For the original post, visit the blog By ~ Lander ~ Sea Food Tales

    ------

    Before the kick-off of Indian Market, the Eiteljorg will host two parties Friday, June 26 – the official IMF Preview Party and the AfterGlow party featuring the 1491s and DJ Kyle Long.

    Preview Party Details
    5:30 p.m. – 9 p.m.
    Price: $90/members $100/non-members
    An exclusive first-look shopping opportunity and reception. Attendees get free weekend passes to Indian Market and Festival.

    IMF AfterGlow
    9 p.m. – 11 p.m.
    Price: Free for AGAVE members and $15/non-members and non-Indian Market and Festival Preview Party attendees
    Grab a glow stick and join us for beverages, dancing, desserts and entertainment by the 1491s and DJ Kyle Long. Interact with artists in a relaxed setting along the canal and underneath The Sails of the Eiteljorg. Call (317) 275-1333 to make reservations.

    Time, Tickets and Parking
    - Indian Market and Festival will be held from 10 a.m. to 5 p.m., in White River State Park’s Military Park, just north of the museum in downtown Indianapolis.

    - Discounted advanced tickets for the event are on sale at the Eiteljorg Museum, on the museum’s website and Marsh Supermarkets or by calling 1-800-622-2024.

    - Advance sale tickets are $10. Tickets during the market are $12 at the gate. Kids 17 and under are FREE. Admission to the Eiteljorg is included.

    - White River State Park underground garage next to the Eiteljorg Museum and IUPUI parking lots across from Military Park provides the most convenient and inexpensive parking for this event. Shuttles to and from the museum are available.

    -Parking in the White River State Park garage will not be validated Indian Market weekend.

    For even more information about what’s happening Indian Market weekend, and to purchase advance sale tickets, visit Indian Market & Festival info.

    Go comment!




  • Indian Market and Festival | Buck by painter Ryan Lee Smith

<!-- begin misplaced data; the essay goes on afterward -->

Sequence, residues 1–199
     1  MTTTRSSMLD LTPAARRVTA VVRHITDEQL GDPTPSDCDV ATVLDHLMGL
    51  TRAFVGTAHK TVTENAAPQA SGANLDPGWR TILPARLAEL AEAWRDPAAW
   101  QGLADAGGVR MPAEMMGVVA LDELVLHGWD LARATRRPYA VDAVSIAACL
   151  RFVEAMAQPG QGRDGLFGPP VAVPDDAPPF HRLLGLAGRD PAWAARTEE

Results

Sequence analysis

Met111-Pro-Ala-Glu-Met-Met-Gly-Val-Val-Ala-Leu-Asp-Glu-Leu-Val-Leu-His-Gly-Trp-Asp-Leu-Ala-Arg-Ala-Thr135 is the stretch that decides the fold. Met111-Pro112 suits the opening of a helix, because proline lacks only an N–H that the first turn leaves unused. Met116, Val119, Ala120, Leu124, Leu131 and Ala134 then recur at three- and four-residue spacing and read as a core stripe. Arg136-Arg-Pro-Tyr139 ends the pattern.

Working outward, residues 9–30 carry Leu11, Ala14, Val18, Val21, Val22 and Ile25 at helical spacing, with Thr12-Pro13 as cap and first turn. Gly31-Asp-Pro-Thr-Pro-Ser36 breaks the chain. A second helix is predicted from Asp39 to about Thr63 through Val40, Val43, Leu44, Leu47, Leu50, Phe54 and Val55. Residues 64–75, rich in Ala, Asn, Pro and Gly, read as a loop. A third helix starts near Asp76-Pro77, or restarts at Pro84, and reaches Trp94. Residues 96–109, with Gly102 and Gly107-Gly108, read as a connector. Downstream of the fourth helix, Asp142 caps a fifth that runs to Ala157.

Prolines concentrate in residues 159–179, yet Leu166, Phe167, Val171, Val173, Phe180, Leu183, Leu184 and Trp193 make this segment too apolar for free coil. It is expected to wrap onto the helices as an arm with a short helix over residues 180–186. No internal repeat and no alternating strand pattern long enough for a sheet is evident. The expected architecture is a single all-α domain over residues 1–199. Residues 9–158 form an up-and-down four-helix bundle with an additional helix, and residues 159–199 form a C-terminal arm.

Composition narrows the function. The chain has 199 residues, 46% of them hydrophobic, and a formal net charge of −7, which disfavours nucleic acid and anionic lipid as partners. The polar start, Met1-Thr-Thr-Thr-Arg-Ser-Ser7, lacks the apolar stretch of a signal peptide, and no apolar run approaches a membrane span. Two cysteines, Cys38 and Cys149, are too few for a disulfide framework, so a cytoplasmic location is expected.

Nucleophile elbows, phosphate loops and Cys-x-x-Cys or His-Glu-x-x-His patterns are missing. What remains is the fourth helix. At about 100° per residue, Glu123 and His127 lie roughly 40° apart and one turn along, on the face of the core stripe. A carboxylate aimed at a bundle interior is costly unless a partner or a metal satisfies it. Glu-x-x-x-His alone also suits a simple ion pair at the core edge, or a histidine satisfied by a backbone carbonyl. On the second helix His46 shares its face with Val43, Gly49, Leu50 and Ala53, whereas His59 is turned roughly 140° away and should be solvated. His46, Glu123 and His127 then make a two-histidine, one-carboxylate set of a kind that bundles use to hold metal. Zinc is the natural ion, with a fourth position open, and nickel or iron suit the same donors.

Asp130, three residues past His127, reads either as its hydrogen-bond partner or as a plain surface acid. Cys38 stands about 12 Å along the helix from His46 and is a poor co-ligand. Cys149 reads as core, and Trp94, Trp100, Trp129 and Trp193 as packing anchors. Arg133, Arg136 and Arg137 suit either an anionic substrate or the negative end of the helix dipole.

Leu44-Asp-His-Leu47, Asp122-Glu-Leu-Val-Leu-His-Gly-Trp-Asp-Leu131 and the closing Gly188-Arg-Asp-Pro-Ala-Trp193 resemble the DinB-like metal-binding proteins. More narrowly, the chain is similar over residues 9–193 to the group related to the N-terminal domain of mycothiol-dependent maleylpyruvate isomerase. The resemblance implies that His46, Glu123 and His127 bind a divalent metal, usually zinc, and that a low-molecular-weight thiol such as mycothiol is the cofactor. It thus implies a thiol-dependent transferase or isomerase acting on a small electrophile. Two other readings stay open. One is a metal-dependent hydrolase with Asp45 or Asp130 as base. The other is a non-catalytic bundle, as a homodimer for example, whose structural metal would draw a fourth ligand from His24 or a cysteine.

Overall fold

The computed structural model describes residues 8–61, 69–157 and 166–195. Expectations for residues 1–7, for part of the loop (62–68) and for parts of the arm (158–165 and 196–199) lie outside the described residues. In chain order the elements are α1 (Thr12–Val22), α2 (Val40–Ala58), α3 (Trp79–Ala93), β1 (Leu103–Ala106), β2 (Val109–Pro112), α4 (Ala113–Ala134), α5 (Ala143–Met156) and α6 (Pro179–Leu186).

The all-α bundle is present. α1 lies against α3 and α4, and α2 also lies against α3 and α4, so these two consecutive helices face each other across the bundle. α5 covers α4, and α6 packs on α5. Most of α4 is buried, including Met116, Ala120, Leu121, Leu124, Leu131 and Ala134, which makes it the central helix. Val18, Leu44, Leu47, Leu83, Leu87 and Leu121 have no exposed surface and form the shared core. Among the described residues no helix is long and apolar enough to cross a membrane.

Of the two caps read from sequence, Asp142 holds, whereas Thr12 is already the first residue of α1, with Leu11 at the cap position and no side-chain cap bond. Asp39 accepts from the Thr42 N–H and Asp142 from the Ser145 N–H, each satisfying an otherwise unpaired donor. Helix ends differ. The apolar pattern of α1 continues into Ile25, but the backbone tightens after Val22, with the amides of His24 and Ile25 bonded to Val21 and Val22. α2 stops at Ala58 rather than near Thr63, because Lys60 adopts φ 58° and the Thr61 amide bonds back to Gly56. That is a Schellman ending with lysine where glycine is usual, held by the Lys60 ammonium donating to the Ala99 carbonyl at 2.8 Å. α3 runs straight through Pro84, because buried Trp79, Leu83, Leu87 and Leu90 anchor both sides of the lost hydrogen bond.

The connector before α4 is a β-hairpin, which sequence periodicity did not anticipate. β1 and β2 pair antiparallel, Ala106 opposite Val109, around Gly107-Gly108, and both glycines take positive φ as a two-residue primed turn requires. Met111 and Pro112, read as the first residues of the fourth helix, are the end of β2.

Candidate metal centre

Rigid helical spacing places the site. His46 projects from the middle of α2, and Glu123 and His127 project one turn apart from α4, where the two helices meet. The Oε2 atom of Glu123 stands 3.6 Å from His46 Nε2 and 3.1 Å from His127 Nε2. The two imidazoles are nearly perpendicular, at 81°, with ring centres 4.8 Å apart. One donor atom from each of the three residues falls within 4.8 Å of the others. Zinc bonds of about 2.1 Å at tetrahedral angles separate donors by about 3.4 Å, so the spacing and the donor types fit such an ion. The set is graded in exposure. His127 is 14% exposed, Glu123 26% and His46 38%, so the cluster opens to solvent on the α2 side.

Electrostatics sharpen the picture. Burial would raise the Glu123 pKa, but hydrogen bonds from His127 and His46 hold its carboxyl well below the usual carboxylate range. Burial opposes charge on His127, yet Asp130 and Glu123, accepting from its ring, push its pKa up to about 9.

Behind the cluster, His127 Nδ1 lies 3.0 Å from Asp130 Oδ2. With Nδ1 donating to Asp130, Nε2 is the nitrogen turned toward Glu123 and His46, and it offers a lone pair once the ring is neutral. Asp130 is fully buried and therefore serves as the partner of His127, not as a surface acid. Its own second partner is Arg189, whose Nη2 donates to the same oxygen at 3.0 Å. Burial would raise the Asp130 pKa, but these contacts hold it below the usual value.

by Jaq Nigg, Eiteljorg festivals and markets manager | Jun 23, 2015
     As Indian Market and Festival draws near, we’d like to tell you about some of the things we’re extra excited about.

     
    Number 1: The 1491s
    Number 2: Twin Rivers 
    Number 3: Down Feathers and Masks! 
    Number 4: Stories!
    and..
    Number 5: Buck!

     
    2012 program

    2012 image by potter Jody Naranjo (Santa Clara Pueblo)

    Each year, we choose an image to represent Indian Market and Festival. Usually it is a piece of art from one of the participating market artists. The process of choosing the image can be a little stressful. The image needs to wear a lot of hats; appearing in ads, on t-shirts, party invitations and the program cover. It also needs to convey the feeling of Indian Market and Festival – the celebration of Native American art and cultures. 

    The first thing we do is to identify the artists who received the top scores in the selection process. Then we gather a group of museum staff from curatorial, marketing, the store, festivals and exhibitions to talk about any market themes or goals that need to be addressed with the image. Simple, right?  

     EMIMF14_Tshirt

     2014 image by jeweler Jimmie Harrison (Navajo/Diné)

    Mostly, we want to honor the wonderful artists who come to our show, while featuring something really pretty/fun/interesting that our visitors will want to wear. Which brings us back to our 2015 signature image, Buck.

     BUCK-ryan lee smith
    2015 image by painter Ryan Lee Smith (Cherokee/Choctaw)